What a morning!!!  Decided to do some baking (biscuits, cakes etc) so I’m listening to talk back radio and cooking when a largish red helicopter starts  buzzing around the place and then goes.  Many hours later this English sounding lady rings up and asks if they can land near a big swamp to the north of us and camp the night.  Whatever makes them happy I suppose.  Then a truck arrives driven by an old gent of about 90 bringing some fencing material for us.  Greg and a friend unload that and old Mac goes back to Hungerford. 

  Then a bloke rings up from Sydney wanting some info on Pelicans in the area.  He wants to do a wildlife documentary and has heard there are pelicans, there aren’t pelicans, they’re breeding, they’re not breeding. I said there’s about 15,000 of them on Lake Wyara and I didn’t think they were out there swapping comics.  Often these overtures come to nothing so we don’t get too excited about them anymore.  Not until you see the whites of their eyes.  

We had another one last week wanting to film a commercial on a clay pan. 

Even though I obligingly went out and took photos of a claypan and sent them to her I have heard nothing back.  And lastly a visit from a never before seen black goanna on my front veranda which had Lucy in a total frenzy.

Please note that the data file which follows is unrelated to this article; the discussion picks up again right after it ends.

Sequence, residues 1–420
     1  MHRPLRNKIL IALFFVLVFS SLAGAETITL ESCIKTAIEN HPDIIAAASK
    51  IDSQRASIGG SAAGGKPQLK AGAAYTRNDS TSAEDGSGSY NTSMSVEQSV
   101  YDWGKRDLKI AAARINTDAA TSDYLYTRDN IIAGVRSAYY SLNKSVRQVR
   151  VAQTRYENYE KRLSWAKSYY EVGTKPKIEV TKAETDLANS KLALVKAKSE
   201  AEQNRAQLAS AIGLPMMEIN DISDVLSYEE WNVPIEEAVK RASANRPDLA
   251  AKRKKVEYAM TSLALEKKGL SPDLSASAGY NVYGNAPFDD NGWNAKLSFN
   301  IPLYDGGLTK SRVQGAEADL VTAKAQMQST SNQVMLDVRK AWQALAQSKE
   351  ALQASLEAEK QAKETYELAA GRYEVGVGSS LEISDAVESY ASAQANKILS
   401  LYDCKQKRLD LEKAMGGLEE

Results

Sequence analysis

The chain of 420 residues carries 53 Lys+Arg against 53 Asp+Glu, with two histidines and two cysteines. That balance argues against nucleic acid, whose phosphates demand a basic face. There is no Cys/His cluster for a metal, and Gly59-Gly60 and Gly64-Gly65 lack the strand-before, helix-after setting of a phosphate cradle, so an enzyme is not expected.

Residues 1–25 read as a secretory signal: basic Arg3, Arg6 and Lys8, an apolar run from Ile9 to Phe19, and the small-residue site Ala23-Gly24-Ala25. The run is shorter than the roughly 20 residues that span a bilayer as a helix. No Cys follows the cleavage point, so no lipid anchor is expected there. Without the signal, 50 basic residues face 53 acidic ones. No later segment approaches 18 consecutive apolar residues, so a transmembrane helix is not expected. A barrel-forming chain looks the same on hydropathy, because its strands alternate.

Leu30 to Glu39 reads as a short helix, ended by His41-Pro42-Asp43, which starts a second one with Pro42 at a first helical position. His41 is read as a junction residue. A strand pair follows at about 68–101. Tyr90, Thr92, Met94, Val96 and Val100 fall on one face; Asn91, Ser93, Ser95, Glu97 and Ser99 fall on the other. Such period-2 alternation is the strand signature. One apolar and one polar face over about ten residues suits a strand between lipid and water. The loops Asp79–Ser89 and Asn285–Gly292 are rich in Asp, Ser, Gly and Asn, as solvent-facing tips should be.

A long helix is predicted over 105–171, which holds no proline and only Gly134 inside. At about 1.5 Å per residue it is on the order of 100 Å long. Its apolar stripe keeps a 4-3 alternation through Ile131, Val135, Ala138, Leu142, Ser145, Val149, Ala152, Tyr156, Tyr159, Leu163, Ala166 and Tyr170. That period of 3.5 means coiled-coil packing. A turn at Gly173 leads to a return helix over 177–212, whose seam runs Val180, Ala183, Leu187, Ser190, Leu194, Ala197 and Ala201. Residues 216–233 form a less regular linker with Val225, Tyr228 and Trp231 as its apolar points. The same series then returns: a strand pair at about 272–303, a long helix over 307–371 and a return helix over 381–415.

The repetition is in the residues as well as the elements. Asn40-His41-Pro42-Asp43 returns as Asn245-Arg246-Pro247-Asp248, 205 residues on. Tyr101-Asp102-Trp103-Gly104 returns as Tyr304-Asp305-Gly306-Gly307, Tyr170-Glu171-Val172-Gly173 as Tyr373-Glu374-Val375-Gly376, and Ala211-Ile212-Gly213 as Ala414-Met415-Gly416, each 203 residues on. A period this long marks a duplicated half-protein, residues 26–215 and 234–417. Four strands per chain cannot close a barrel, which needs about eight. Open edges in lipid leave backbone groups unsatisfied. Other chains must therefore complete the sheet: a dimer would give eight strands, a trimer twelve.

Black goanna at Kilcowera Station, Outback Australia.

He’s old mate, cute isn’t he?

 

Taken from a Skyfox Gazelle
Kihee Creek running into Lake Wyara in South West Queensland

 

 Angela and I went for a fly on Anzac weekend after we did our little bit of mustering and she took about 400 photos.  She used her new Canon EOS 500 and my Panasonic DMC FZ50 which has a better Zoom lens than hers does.  At this stage.

Lake Wyara taken from the south, Kilcowera Station SW Queensland.

Lake Wyara  is a wetland of international significance and is part of Currawinya NP.  The wetlands on Currawinya are RAMSAR listed.

Lake Wyara in the foregrund and Lake Numalla in the background.

We were flying around in my little Skyfox Gazelle, it’s terrific for photography as you can have the doors open.  It was pretty cold though, Ang had the cameras firmly wrapped around her neck.

Pelican Rookery on Lake Wyara the eastern boundary of Kilcowera Station in Outback Australia.

And yes the Pelicans are back again.  They had a successful breeding event in 2008 but this year will be even better as they are isolated on islands.

Thousands of Pelicans are calling Lake Wyara home for the next few months as they bring up their chicks.

Pelican Rookery on Lake Wyara, the eastern boundary of Kilcowera Station Outback Queensland.

 Pelican Rookery on Lake Wyara, the eastern boundary of Kilcowera Station.

The lake is not full but it  has the most water in it for over a decade, lets hope we get more rain to fill it up.  Well not for a while or the pelicans islands will go under.